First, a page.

Printer Friendly

Bigotry is thicker than blood.

Jerry Falwell's homophobic rants push his gay cousin out of the closet

Televangelist Jerry Falwell's outing in February of Teletubby Tinky Winky was ridiculed by the mainstream and gay press, but one person not amused is Falwell's cousin Brett Beasley.

Instead, Beasley, a 37-year-old computer sales executive who lives in Raleigh, N.C., is rummaging through his own magic bag for some Southern (gay) pride to shove in his infamous cousin's face.

"He's had how many years to stand at his bully pulpit?" asks the riled Beasley. "I'm certainly entitled to the same thing, and that's what I'm doing [by coming out publicly]."

Though Beasley has no personal relationship with Falwell--"It's not like we've sat down and had lunch together and talked about world peace or whatever"--the two have a close family tie. Falwell's mother, Helen Beasley Falwell, was Beasley's great-aunt, making Falwell and Beasley second, but by no means kissing, cousins.

The Beasleys and the Falwells share a colorful Southern history, the highlights of which are outlined in Falwells autobiography, Strength for the Journey, but there is one big difference between the modern-day clans. While one might think otherwise about relatives of the gay-bashing conservative Baptist, Beasley, along with his five brothers and sisters, was raised in a more progressive, Lutheran household.

"I've had complete and total acceptance all my life," Beasley says, even when he bared his chiseled and hirsute physique in the pages of the March issue of the erotic magazine Men. "They were like, `Uh, OK,'" he says, mimicking his parents' guarded response to his posing in the nude. "I just told them I did it because I wanted to and it was good money."

Beasley readily admits that his connection to Falwell is "remote," limited to exchanged pleasantries at family gatherings and restaurants in the Beasley-Falwell family nexus of Lynchburg, Va. "It wasn't like I avoided him, though I always somewhat disliked him" because of his views on gays, Beasley says.

But his father, Linton Beasley, communicates semiregularly with Falwell about religious fund-raisers and family matters--Falwell presided over Linton's mother's funeral, for example. The topic of his son's sexuality, however, is never discussed. "I know [Falwell] believes what he preaches; he's honest in that regard," Linton Beasley says. "But I don't agree with his ideas on many things."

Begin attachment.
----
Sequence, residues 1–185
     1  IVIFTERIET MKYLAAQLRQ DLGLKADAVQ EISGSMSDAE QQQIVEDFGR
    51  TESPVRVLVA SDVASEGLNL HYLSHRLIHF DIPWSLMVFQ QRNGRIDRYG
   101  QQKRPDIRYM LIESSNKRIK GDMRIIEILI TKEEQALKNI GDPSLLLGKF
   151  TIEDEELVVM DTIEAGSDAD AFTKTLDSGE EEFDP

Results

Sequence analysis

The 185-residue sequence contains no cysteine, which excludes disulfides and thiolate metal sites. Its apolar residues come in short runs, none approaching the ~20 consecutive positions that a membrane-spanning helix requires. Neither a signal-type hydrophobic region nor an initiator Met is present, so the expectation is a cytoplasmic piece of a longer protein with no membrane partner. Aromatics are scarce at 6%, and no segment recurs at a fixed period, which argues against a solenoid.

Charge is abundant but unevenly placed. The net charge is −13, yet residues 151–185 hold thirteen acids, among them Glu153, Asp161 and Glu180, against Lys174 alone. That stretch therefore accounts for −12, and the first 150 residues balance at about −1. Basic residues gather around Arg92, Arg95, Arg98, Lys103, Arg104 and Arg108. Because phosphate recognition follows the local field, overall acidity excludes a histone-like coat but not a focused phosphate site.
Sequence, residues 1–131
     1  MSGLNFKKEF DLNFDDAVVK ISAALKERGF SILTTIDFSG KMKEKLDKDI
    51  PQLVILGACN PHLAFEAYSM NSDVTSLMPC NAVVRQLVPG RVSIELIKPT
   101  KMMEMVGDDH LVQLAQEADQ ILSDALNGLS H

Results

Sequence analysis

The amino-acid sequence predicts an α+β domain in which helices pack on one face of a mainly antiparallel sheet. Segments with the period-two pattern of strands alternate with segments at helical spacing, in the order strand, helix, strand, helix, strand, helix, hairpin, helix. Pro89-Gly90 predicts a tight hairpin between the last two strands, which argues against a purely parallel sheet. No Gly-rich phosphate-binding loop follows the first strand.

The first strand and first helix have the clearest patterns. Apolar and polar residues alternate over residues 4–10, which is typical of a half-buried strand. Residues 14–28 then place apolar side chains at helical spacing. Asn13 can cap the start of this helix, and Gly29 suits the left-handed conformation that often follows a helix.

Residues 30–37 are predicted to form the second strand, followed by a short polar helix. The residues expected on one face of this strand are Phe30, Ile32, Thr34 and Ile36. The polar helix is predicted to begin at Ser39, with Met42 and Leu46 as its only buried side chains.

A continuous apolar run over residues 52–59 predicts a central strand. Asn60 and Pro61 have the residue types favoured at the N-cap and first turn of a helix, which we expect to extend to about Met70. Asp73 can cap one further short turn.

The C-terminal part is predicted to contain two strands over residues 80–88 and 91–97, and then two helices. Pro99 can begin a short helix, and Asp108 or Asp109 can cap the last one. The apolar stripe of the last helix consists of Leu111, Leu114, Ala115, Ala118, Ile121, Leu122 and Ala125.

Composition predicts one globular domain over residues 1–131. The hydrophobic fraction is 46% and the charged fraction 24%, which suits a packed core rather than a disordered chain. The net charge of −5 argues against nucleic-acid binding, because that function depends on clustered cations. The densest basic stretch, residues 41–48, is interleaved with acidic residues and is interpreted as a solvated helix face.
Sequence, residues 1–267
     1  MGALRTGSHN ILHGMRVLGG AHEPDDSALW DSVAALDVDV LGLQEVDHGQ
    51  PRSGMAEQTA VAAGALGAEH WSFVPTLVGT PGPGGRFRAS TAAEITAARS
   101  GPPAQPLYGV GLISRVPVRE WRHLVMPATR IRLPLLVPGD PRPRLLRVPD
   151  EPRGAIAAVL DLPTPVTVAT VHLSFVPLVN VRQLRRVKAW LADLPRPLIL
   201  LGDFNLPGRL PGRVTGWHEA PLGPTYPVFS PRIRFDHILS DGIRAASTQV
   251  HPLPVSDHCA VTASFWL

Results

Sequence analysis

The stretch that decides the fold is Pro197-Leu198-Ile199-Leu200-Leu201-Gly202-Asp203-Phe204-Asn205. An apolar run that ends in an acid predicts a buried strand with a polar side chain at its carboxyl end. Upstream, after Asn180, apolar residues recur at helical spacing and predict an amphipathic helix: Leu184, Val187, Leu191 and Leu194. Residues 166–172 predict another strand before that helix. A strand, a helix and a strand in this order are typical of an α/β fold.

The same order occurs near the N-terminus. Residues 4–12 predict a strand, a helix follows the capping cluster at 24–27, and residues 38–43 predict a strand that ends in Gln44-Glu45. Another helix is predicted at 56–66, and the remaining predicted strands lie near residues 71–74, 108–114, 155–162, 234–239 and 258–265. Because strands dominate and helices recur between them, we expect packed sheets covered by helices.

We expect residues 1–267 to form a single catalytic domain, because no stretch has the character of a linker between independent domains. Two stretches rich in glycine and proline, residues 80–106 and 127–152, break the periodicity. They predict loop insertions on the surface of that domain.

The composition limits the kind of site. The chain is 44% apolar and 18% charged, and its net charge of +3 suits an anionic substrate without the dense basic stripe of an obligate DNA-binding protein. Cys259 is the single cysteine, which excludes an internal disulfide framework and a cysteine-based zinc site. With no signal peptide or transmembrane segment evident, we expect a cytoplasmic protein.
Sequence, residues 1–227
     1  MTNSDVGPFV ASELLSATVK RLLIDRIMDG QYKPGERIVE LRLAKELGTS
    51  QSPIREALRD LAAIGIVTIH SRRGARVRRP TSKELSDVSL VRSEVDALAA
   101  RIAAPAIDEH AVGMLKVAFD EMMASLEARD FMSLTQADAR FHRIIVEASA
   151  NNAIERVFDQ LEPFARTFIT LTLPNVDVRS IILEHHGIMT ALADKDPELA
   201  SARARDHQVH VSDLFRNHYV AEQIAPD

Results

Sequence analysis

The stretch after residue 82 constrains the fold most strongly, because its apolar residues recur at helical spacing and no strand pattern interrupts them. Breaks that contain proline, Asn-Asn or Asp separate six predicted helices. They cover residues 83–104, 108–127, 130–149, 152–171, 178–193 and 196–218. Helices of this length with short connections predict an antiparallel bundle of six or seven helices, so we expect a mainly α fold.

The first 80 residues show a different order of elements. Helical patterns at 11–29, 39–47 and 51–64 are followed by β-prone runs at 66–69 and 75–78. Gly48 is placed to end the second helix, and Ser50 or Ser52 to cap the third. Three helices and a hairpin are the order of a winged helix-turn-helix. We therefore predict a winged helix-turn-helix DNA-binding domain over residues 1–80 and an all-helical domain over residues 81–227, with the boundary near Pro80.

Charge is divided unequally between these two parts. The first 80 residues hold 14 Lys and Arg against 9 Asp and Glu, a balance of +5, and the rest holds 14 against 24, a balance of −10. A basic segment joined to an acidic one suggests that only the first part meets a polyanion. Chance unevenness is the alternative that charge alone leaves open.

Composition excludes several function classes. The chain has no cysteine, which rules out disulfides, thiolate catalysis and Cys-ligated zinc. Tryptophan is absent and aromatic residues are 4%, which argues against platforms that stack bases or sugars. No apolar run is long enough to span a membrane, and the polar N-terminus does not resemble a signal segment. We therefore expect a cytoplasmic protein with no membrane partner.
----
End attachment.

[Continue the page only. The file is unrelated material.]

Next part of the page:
Linton Beasley is skeptical about his son's decision to make his sexuality public to exert pressure on Falwell and bring attention to himself. "I don't know if that's the wisest thing in the world. Jerry has so much power in the press," the elder Beasley says. "I wouldn't want to go head-to-head with Jerry and debate."

But after the Tinky Winky episode, Brett Beasley says he cannot hold back any longer. "This whole thing set me off," he says. "It's like, hello, Jerry, the same blood that runs through your veins runs through mine. There is a connection. So what do you have to say to that?"

Not much, it turns out. In fact, Falwell issued a statement to The Advocate disclaiming the tiniest bit of knowledge about Brett Beasley whatsoever.

"The name Brett Beasley is not familiar to me, though my mother was a Beasley," says Falwell, founder of Liberty University and TV's Old Time Gospel Hour. "I have no knowledge of either Brett Beasley or his claim to be a homosexual. Not only do I not recall talking with him at family gatherings, I would not recognize him if I saw him today." Falwell adds that he offers Brett Beasley his prayers.

"That's utterly ridiculous," a dejected Beasley replies after hearing the statement. "He's the patriarch of the family. It blows my mind. A real slap in the face."

Ghent is a reporter for Legi-Slate, an online service of the Washington Post Company.
COPYRIGHT 1999 Liberation Publications, Inc.
No portion of this article can be reproduced without the express written permission from the copyright holder.
Copyright 1999, Gale Group. All rights reserved. Gale Group is a Thomson Corporation Company.

Article Details
Printer friendly Cite/link Email Feedback
Title Annotation:Jerry Falwell's gay cousin
Publication:The Advocate (The national gay & lesbian newsmagazine)
Article Type:Brief Article
Date:Mar 30, 1999
Previous Article:Gay Super Bowl party hits TV.
Next Article:They won't stop asking.

Related Articles
The backlash stings.
No place in the pew.
1999 THE YEAR.
Soulforce builds more bridges in Lynchburg.
Digital Queeries.
From grief to action. (last word).
Supreme Court loss for Falwell.

Terms of use | Copyright © 2018 Farlex, Inc. | Feedback | For webmasters